“Winning is not a sometime thing, it is an all the time thing. You don’t do things right once in a while…you do them right all the time.” Vince Lombardi (1913-1970)
Vince Lombardi would've turned 100 years old earlier this week, and we at NFL Draft Insiders want to take some time to reflect on the contributions of the man whom the Super Bowl trophy is named for. Long considered the greatest head coach in football history, Vince Lombardi had to work harder and longer than anyone to get what he desperately wanted: an NFL head coaching job. After completing his college playing career at Fordham as one of the “Seven Blocks of Granite”, he began the long journey to football immortality.
After working in the finance industry and attending law school during the evenings, Lombardi accepted a high school head coaching position with St. Cecelia High School in Englewood, New Jersey, where in eight seasons, he led the football program to six parochial school state championships. It was also during this time period that he married his high school sweetheart, Marie. From St. Cecelia's, he returned to Fordham as an assistant coach for two seasons prior to accepting the offensive coordinator position at West Point, working for and learning from Hall of Fame coach Red Blaik.
Lombardi grew increasingly frustrated during his tenure at West Point, as fellow assistants on the staff were being hired consistently to take over programs as head coaches. He had applied to Wake Forest University, and someone close to the situation informed him that although many were in favor of hiring him as head coach, they couldn't justify hiring a man whose last name ended in a vowel—a direct display of discrimination and racism against his Italian ethnicity, a common occurrence during this time period. Undeterred, Lombardi continued at West Point until and opportunity to apply for the vacant head coaching job with the NFL's New York Giants became available.
Many within professional football believed Lombardi was the logical choice, having cut his teeth at both the high school and college ranks, but the Giants were more interested in the coach Lombardi worked for, Blaik rather than Lombardi. Blaik informed Wellington Mara, owner of the Giants that he would be a fool if he didn't hire Lombardi to at least run his team's offense. Lombardi was hired to take over and provided leadership and guidance, turning Frank Gifford into a Hall of Fame football player. While Lombardi was the only voice on offense, a fellow soon to be great NFL legendary coach was running the Giants defense: Tom Landry.
After helping lead the Giants to the 1956 NFL championship, he applied for, and was hired to coach what at the time, was considered Siberia of the NFL, the Green Bay Packers. Before accepting the job in Green Bay, he insisted to the Packers board of directors (they were community owned), that he would also fill the role as the team's general manager, and wanted final say on all football-related decisions. The board relented and agreed, and the Vince Lombardi era in Green Bay began.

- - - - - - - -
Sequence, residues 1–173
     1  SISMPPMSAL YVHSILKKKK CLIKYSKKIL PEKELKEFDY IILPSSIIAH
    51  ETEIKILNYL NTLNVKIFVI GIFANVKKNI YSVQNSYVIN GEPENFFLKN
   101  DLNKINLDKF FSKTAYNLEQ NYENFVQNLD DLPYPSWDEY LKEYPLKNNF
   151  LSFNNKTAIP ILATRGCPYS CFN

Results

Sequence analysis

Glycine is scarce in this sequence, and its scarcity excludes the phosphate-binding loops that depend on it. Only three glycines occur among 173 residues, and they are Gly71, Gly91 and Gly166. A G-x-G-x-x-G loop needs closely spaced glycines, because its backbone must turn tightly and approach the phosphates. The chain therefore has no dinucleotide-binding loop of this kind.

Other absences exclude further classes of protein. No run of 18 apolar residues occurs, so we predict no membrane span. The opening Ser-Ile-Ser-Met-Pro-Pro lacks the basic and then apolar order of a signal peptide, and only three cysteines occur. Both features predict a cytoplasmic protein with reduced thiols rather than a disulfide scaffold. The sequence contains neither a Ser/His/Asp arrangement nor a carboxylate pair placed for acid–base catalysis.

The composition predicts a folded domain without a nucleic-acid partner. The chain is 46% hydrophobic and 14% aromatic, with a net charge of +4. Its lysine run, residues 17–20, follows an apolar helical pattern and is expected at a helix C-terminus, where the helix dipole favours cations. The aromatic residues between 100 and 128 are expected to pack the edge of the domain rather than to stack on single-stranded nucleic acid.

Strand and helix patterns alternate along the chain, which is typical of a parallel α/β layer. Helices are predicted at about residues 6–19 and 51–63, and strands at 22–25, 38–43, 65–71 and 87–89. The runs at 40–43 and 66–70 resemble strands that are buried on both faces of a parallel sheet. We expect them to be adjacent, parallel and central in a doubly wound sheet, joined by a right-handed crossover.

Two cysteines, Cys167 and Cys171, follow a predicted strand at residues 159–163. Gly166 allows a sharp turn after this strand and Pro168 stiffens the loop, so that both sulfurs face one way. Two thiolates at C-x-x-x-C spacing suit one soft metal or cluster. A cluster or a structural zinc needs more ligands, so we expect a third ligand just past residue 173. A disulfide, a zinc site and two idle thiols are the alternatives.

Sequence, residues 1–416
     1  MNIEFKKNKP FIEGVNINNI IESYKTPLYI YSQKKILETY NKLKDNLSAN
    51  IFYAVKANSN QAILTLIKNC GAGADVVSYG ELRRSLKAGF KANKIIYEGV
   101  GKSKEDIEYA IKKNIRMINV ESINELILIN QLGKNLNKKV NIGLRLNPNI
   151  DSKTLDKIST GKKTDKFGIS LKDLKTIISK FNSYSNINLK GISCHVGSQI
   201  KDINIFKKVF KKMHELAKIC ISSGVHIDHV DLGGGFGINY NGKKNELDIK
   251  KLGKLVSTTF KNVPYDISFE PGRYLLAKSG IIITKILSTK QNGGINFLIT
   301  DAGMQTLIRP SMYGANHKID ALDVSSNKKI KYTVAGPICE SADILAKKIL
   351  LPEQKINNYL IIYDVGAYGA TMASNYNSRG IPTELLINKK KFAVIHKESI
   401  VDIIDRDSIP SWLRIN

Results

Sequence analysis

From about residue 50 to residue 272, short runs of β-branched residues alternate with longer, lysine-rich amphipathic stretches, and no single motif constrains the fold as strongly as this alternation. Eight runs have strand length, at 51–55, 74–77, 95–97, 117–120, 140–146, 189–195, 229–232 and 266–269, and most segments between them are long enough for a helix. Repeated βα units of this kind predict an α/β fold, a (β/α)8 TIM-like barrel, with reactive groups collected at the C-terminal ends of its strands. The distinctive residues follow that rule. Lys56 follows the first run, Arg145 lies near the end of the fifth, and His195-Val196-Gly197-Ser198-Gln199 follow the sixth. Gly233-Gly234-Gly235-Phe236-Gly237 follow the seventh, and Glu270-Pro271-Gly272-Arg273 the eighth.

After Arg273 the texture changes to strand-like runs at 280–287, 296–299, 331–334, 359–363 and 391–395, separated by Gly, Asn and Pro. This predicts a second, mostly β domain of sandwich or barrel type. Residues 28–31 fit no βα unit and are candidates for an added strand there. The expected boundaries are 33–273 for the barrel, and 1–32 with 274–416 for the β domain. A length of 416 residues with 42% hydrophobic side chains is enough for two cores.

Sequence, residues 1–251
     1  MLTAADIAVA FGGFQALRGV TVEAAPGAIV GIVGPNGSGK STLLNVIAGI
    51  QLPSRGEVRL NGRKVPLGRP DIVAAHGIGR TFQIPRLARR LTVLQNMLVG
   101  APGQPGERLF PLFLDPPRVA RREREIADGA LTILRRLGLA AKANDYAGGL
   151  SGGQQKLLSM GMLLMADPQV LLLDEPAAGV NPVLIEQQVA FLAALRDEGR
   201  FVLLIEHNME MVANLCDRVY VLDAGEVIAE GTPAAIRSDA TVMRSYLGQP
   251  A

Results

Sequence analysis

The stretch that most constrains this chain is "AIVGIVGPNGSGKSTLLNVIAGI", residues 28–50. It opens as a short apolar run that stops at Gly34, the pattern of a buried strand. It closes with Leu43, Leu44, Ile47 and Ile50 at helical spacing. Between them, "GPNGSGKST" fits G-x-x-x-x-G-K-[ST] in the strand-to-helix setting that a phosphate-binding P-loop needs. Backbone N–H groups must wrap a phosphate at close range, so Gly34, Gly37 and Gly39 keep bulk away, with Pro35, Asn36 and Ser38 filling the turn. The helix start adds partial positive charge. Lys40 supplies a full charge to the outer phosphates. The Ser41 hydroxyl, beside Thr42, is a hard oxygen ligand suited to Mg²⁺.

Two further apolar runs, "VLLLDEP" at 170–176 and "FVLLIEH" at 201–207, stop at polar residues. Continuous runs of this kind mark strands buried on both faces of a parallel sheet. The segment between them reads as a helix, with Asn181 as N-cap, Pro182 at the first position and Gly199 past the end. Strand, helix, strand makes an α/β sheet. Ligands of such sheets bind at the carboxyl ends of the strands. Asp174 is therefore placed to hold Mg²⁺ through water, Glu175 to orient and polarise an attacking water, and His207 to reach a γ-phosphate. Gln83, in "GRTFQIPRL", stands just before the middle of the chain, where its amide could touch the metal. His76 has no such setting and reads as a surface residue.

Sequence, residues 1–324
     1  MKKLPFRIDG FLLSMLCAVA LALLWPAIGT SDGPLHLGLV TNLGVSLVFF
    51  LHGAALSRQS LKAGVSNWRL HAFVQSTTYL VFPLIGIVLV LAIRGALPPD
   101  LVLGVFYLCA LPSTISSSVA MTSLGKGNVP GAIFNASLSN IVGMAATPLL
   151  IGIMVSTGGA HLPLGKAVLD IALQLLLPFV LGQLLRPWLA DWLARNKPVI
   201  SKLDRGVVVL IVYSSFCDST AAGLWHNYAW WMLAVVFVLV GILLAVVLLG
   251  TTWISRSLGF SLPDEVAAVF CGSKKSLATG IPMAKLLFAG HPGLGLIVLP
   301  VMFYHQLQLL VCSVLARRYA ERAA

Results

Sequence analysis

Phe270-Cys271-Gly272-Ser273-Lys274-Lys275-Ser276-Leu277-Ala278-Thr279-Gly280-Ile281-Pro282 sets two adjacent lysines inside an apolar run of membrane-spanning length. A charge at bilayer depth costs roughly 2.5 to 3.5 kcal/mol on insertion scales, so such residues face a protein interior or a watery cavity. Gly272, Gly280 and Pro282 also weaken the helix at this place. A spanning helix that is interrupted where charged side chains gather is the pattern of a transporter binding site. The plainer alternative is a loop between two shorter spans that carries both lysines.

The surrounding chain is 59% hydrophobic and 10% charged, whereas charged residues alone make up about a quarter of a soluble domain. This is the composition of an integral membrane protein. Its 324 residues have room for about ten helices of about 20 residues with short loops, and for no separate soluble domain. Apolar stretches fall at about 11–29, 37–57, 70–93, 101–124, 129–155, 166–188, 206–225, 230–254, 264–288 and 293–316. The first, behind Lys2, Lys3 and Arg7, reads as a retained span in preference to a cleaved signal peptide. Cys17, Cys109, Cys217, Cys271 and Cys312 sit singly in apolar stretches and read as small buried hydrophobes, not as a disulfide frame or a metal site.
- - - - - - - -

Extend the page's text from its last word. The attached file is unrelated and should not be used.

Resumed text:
Unlike other places around the league, Lombardi's dedication to long, grueling practices separated the men from the boys early on in his tenure. The Packers were a one-win team the season prior to Lombardi's arrival, and remembering the hurtful experience of the Wake Forest application, he knew if he failed in Green Bay, he would never receive another chance to coach. In his first season, the Packers made the playoffs, and during his legendary run in Green Bay, he led the team to six division titles, three NFL championships, and victories in the first two Super Bowls.
One of Lombardi's trademarks was his never-ending pursuit of running the “power sweep” to perfection. Considered a very basic play, it requires all components of the offensive to work perfectly in tune with one another to be executed properly. What made Lombardi such a great coach and teacher, was his willingness to fixate on a man's effort rather than dwelling on his mistakes.
After completing his run in Green Bay, Lombardi briefly retired from coaching football. He returned in 1969 as the head coach of the Washington Redskins. After a 14-year winning season drought, Lombardi's Redskins finished 7-5-2. He laid the groundwork in Washington for a successful decade in the 1970s as George Allen would take the reigns soon after.
Prior to the start of the 1970 season, Lombardi was diagnosed with terminal colon cancer, and he passed away 10 weeks later at the age of 57. Shortly after the Coach's death, NFL Commissioner Pete Rozelle announced that the Super Bowl trophy would carry the name of Lombardi for the remainder of the league's existence. Vince Lombardi was elected posthumously to the Pro Football Hall of Fame in 1971. Lombardi coached several future Hall of Fame players, including Jerry Kramer and Bart Starr.
The impact that Vince Lombardi has had on the game of football is immeasurable. Common drills, offensive schemes, game film analysis, practice and game preparations were all strategies that existed prior to Lombardi, but were changed forever as a result of Lombardi. As we remember the coach on what would've been his 100th birthday, we can safely speak for everyone that has ever played, coached, watched, and has enjoyed the game of football when we at NFL Draft Insiders say “Happy Birthday Coach!”
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